• Its always better to be prepared. In the event of winter damage to your outside shrubs, don't be too quick to prune. Any broken limbs or branches should be removed as quickly as you can, but if you simply have burned foliage, leave it alone until spring. Hopefully, any damage will be superficial, and the plants will bounce back on their own. If not, the damaged foliage can serve as a buffer in the event of more winter weather. Hopefully, this information will be simply reference material, and we won't have to use it this winter season. 
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  • Fruits and veggies
  • Prune Grapes.
  • Prune Fruit trees and spray with Lime Sulphur and Dormant Oil to prevent insects and diseases.
  • Spray Copper Spray to prevent Peach Leaf Curl.
  • If you had terrible insect problems in your vegetable garden this year_particularly grubs, squash vine borers,and other soil insects, tilling your garden in the winter can help to control them. Many of these insects burrow down in the ground and spend the winter in a larval stage. Tilling can bring them closer to the surface and low temperatures can help to kill them. Don't do this if the ground is too wet, but if the soil is workable, this can help to start the season off clean.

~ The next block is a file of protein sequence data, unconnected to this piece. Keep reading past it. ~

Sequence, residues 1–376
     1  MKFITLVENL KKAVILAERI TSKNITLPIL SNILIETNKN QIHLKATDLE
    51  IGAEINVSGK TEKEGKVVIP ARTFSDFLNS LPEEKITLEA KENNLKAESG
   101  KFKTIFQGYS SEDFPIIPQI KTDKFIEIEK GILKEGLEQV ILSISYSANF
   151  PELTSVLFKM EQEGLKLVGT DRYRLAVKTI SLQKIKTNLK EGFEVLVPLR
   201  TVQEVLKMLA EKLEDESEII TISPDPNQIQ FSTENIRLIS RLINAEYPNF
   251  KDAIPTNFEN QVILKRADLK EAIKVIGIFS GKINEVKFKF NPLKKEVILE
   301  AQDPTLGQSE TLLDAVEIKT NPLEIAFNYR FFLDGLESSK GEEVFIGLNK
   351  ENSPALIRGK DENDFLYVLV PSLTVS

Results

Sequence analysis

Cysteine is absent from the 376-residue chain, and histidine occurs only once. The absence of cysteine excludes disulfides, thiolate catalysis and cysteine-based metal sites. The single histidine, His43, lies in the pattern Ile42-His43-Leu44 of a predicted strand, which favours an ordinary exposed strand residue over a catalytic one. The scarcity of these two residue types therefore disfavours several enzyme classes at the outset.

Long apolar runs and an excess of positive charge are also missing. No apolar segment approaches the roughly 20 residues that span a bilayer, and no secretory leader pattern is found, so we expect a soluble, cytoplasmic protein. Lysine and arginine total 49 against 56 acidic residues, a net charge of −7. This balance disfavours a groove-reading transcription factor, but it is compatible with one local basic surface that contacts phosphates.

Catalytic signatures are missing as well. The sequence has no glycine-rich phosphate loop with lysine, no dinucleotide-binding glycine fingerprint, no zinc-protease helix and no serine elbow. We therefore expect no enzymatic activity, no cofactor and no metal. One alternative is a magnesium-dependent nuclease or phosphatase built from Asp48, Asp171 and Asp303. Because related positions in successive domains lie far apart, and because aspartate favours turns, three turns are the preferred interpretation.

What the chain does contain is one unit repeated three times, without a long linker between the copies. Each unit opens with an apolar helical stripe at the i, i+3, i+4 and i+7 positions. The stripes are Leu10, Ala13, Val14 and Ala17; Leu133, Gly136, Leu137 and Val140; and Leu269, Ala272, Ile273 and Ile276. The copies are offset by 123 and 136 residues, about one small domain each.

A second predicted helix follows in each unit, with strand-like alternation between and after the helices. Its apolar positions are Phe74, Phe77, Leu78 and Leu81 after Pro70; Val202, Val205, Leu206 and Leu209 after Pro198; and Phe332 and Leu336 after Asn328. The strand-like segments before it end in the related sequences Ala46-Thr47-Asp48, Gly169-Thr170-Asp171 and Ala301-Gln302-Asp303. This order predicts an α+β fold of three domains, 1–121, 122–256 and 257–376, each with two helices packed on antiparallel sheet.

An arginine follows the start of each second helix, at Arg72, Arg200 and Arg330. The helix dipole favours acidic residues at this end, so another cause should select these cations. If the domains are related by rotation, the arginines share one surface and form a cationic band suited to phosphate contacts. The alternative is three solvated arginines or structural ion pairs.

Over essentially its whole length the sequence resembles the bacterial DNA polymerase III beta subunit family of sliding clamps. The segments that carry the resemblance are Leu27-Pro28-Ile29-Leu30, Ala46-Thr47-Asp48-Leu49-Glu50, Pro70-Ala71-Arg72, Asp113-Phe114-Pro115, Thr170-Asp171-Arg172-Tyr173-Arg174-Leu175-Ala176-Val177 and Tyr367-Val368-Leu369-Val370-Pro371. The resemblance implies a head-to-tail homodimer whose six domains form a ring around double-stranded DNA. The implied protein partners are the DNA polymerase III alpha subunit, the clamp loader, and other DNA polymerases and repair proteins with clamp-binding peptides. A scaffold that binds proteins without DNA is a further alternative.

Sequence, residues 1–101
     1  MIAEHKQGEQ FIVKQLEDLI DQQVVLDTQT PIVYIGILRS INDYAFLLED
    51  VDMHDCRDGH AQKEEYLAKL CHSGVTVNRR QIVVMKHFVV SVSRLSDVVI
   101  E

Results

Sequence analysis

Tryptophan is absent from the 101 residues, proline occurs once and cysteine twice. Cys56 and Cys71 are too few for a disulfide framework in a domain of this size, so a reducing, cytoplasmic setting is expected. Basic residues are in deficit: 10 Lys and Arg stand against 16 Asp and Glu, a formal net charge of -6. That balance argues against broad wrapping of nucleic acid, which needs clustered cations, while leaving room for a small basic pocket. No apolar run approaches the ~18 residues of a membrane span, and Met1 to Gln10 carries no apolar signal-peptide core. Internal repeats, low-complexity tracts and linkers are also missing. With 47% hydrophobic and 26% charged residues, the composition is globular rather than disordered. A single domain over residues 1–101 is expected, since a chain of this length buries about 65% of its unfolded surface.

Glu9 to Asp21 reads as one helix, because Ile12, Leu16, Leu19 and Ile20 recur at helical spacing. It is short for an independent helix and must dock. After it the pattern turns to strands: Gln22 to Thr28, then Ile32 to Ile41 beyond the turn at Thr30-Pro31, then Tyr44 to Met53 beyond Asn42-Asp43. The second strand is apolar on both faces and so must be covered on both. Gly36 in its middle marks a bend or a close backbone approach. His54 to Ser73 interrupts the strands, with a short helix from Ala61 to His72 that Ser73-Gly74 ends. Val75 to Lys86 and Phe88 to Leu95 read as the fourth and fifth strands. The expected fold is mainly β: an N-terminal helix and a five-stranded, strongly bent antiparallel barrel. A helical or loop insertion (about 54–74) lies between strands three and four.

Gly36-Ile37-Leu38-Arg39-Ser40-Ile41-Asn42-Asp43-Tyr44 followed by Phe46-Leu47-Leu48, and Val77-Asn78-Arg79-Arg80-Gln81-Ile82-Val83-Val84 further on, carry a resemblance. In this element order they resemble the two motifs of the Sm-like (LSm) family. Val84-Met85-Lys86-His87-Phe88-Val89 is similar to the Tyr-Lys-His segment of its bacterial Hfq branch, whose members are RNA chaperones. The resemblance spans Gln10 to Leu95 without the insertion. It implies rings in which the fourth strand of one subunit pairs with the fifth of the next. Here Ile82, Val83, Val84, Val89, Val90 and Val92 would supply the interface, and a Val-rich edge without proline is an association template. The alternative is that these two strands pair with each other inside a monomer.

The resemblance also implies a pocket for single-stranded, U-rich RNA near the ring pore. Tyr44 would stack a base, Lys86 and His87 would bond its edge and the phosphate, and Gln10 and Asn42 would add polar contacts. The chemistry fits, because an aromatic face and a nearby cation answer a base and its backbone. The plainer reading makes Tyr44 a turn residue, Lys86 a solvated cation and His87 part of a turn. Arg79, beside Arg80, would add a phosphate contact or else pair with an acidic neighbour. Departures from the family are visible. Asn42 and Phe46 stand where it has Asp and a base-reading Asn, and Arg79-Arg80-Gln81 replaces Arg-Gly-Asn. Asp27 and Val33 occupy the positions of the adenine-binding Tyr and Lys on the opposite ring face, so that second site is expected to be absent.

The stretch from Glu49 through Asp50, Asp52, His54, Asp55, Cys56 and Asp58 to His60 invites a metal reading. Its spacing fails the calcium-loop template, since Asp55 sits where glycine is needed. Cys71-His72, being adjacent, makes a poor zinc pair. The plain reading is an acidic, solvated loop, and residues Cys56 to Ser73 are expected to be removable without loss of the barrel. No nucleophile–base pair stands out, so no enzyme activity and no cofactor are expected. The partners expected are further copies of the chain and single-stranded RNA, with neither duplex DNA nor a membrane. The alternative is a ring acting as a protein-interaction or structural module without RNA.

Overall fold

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  • Lawn care :
  • Stay off frozen grass.
  • If you see greening up occurring in your warm-season lawns such as Bermuda, zoysia or St. Augustine, that means winter weeds are establishing themselves. Using a 2,4_D broadleaf weed killer, can stop them in their tracks_before they get large, bloom and set seeds.
You may not have gotten to all the fallen leaves_raking can still be done this month. Shredded leaves can be added as a mulch to flower beds or even the vegetable garden.